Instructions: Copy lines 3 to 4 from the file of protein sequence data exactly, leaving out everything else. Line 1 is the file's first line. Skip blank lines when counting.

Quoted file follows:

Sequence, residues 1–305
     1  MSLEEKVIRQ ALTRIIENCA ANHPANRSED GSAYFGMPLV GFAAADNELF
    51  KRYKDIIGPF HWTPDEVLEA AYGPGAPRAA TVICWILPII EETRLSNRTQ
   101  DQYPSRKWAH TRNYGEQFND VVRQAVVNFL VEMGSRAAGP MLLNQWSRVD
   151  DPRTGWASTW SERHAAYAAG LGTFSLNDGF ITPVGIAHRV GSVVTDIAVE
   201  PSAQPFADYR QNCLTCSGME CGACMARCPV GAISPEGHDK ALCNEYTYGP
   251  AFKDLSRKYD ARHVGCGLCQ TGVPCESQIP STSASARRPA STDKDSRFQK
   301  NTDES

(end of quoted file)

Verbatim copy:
    51  KRYKDIIGPF HWTPDEVLEA AYGPGAPRAA TVICWILPII EETRLSNRTQ
   101  DQYPSRKWAH TRNYGEQFND VVRQAVVNFL VEMGSRAAGP MLLNQWSRVD